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Pharmacokinetics, induction of anaesthesia and safety characteristics of propofol 6% SAZN vs propofol 1% SAZN and Diprivan-10 after bolus injection

By C. A. Knibbe, H. J. Voortman, L. P. Aarts, P. F. Kuks, R. Lange, H. J. Langemeijer and M. Danhof

Abstract

AIMS: In order to avoid the potential for elevated serum lipid levels as a consequence of long term sedation with propofol, a formulation of propofol 6% in Lipofundin(R) MCT/LCT 10% (Propofol 6% SAZN) has been developed. The pharmacokinetics, induction of anaesthesia and safety characteristics of this new formulation were investigated after bolus injection and were compared with the commercially available product (propofol 1% in Intralipid(R) 10%, Diprivan-10) and propofol 1% in Lipofundin(R) MCT/LCT 10% (Propofol 1% SAZN). METHODS: In a randomised double-blind study, 24 unpremedicated female patients received an induction dose of propofol of 2.5 mg kg-1 over 60 s which was followed by standardized balanced anaesthesia. The patients were randomized to receive propofol as Propofol 6% SAZN, Propofol 1% SAZN or Diprivan-10. RESULTS: For all formulations the pharmacokinetics were adequately described by a tri-exponential equation, as the propofol concentrations collected early after the injection suggested an additional initial more rapid phase. The average values for clearance (CL), volume of distribution at steady-state (Vd,ss ), elimination half-life (t1/2,z ) and distribution half-life (t1/2, lambda2) observed in the three groups were 32+/-1.5 ml kg-1 min-1, 2. 0+/-0.18 l kg-1, 95+/-5.6 min and 3.4+/-0.20 min, respectively (mean+/-s.e.mean, n=24) and no significant differences were noted between the three formulations (P >0.05). The half-life of the additional initial distribution phase (t1/2,lambda1 ) in all subjects ranged from 0.1 to 0.6 min. Anaesthesia was induced successfully and uneventfully in all cases, and the quality of induction was adequate in all 24 patients. The induction time did not vary between the three formulations and the average induction time observed in the three groups was 51+/-1.3 s which corresponded to an induction dose of propofol of 2.1+/-0.06 mg kg-1 (mean+/-s.e. mean, n=24). The percentage of patients reporting any pain on injection did not vary between the formulations and was 17% for the three groups. No postoperative phlebitis or other venous sequelae of the vein used for injection occurred in any of the patients at recovery of anaesthesia nor after 24 h. CONCLUSIONS: From the above results, we conclude that the alteration of the type of emulsion and the higher concentration of propofol in the new parenteral formulation of propofol does not affect the pharmacokinetics and induction characteristics of propofol, compared with the currently available product. Propofol 6% SAZN can be administered safely and has the advantage of a reduction of the load of fat and emulsifier which may be preferable when long term administration of propofol is require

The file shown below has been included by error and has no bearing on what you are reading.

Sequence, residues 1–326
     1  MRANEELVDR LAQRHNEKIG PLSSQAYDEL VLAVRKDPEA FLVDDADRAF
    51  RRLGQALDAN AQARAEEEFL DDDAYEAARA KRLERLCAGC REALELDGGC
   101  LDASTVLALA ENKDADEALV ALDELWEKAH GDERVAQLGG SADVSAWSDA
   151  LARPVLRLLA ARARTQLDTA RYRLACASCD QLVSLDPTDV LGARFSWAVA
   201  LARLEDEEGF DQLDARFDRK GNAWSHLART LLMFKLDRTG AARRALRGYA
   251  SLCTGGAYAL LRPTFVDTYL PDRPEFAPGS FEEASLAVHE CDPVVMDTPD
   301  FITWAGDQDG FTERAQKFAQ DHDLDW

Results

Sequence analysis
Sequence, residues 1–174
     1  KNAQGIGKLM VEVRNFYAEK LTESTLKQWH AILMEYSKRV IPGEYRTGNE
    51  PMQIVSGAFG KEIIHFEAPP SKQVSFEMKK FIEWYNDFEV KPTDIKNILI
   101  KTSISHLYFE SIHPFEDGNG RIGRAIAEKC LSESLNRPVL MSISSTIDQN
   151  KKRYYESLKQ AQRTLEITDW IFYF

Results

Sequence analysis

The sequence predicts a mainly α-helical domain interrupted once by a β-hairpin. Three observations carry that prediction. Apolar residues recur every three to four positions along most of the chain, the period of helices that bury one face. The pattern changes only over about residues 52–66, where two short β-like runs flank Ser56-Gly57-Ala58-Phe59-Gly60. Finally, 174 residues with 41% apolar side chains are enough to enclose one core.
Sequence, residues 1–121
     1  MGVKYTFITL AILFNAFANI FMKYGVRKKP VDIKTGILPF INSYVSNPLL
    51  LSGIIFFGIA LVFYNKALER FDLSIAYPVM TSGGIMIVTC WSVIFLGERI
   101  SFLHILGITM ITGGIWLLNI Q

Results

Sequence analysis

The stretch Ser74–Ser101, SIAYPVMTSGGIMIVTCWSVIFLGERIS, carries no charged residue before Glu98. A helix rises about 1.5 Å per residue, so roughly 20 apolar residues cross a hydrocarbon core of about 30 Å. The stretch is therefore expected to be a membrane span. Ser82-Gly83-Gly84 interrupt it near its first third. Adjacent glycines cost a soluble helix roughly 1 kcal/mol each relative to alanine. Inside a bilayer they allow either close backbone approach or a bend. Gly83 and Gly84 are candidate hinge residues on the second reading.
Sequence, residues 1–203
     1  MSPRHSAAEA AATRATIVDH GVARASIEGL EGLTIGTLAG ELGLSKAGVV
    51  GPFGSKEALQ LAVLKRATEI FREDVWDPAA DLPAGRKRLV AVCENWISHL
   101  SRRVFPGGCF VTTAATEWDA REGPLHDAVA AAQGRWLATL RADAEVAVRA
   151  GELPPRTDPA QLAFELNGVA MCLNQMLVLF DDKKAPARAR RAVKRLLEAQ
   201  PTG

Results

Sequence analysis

Year: 1999
DOI identifier: 10.1046/j.1365-2125.1999.00942.x
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Provided by: NARCIS
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